Within a few months, Nino started dominating the 2012 World Cup series on the “Goldilocks” tire size. The mountain bike world took notice of his success. Over the next couple of years, riders, racers and bike companies around the world quickly adopted the 27.5-inch wheel size as the new standard. The 26-inch wheel was soon deemed obsolete and replaced by the 27.5- and 29-inch wheel sizes in the mountain bike lineups of the world.
In the spring of 2016, after trying out an all-new design of the 29-inch-wheeled Scott Spark, Nino gave up his allegiance to the 27.5-inch size. It was rumored that he did it to keep Kulhavy or anybody else from being able to out-sprint him at the Olympics again. For those who don’t remember, the 2012 Olympic mountain bike race was decided when Kulhavy out-sprinted Schurter to the finish line in the final seconds of the race. Our thinking at the time was that if Nino had been racing 29-inch wheels and he were spinning his legs at top speed, he would have gone several inches farther per pedal stroke in the final seconds of the race and might have won the gold medal in 2012. Nino didn’t want to miss that opportunity again.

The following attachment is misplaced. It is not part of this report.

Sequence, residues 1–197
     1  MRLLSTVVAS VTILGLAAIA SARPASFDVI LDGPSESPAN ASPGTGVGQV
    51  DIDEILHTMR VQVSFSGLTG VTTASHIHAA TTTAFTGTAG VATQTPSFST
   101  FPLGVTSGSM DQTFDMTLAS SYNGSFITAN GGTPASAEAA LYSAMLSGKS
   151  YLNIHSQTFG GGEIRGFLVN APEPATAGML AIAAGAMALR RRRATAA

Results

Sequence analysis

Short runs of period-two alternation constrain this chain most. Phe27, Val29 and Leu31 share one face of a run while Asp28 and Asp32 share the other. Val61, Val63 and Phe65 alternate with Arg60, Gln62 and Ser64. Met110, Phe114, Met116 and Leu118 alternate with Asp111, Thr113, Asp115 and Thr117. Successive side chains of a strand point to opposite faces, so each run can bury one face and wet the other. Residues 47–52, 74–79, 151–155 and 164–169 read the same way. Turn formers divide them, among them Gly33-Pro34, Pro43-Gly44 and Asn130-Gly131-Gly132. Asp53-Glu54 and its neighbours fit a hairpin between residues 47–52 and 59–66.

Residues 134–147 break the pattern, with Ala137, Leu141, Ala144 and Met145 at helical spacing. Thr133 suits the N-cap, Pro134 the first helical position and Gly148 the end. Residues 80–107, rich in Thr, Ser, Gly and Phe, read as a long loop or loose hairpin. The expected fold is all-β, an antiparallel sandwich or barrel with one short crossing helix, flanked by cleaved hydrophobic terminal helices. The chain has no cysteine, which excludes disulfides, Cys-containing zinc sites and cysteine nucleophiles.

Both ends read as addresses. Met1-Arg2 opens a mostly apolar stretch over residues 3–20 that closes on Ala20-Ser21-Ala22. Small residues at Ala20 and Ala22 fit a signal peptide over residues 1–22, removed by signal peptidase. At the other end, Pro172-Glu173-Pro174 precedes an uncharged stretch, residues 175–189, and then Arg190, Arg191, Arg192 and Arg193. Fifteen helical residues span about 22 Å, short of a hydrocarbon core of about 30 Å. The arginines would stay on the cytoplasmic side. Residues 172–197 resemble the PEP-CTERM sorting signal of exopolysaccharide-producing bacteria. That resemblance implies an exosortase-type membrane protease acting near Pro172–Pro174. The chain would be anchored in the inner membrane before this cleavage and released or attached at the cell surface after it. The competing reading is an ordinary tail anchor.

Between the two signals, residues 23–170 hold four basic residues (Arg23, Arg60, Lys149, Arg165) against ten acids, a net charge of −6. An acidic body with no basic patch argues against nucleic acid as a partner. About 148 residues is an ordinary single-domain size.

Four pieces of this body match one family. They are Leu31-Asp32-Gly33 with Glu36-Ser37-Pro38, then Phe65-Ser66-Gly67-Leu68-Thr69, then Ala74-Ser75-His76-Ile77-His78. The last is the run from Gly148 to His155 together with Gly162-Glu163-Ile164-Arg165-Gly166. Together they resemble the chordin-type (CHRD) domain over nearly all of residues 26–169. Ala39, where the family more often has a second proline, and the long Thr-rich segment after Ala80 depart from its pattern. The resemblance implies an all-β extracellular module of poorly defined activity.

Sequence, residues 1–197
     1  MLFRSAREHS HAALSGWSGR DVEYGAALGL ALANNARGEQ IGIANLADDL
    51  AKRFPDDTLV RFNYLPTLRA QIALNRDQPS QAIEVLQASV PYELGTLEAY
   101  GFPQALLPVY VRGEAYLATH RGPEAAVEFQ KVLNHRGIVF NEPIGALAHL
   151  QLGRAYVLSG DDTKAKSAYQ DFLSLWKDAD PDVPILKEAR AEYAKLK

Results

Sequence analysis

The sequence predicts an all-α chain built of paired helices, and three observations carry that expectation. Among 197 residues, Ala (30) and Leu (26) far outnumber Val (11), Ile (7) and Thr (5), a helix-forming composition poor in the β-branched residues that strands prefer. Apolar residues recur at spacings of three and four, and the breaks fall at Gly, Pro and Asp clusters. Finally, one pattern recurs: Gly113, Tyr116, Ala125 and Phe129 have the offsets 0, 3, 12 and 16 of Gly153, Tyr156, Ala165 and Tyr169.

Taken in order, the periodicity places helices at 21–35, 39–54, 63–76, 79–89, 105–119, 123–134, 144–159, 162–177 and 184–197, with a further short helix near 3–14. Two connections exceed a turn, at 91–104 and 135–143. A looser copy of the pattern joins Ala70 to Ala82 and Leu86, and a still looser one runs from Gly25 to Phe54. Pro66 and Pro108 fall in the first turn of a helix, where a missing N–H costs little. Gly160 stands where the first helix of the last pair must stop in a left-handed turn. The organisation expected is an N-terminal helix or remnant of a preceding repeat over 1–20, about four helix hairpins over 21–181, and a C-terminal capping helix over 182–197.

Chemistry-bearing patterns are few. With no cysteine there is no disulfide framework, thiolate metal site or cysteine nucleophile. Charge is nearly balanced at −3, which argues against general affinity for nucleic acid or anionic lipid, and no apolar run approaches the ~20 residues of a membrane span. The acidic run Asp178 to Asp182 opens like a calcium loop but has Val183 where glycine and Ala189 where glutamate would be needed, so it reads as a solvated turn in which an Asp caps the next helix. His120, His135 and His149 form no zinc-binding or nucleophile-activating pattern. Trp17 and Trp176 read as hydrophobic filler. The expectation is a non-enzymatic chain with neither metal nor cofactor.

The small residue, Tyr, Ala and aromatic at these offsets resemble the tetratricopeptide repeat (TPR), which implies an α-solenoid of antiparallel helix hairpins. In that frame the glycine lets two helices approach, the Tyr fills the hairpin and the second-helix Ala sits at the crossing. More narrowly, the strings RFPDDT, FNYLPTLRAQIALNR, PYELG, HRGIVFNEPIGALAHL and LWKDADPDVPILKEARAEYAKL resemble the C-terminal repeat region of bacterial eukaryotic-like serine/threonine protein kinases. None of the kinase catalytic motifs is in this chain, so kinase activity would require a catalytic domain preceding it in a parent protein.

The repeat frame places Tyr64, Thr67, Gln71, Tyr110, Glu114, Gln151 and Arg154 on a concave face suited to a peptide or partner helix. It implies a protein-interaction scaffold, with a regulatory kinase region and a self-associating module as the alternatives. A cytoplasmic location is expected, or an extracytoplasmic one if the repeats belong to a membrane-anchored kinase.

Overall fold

In any event, Nino adopted the 29-inch Spark as his main race bike in the spring of 2016. To say that it has served him well would be an understatement.
Name: Nino Schurter
Home: Chur, Switzerland
Childhood home: Tersnaus, Switzerland
Date of birth: May 13, 1986
Profession: Pro cyclist (multimedia design)
Marital status: Married to Nina
Height: 173 cm (5-foot-8)
Weight: 67 kilograms (148 pounds)
Shoe size: 43
Helmet size: Medium
Waist: 31 inches
Started racing: Age 7
Resting pulse: 45 beats per minute
Maximum pulse rate: 199 beats per minute
Hobbies: Free-riding, back-country skiing, traveling, tech (GoPros, computers, phones, etc.)
Jobs held other than racer: Mediamatiker (website designer)
Racing strengths: Downhill, speed starter, mental load
Claimed weaknesses: Patience
Trainer: Nicolas Siegenthaler
Mechanic: Yanick Giger
Training region: Graubünden, Switzerland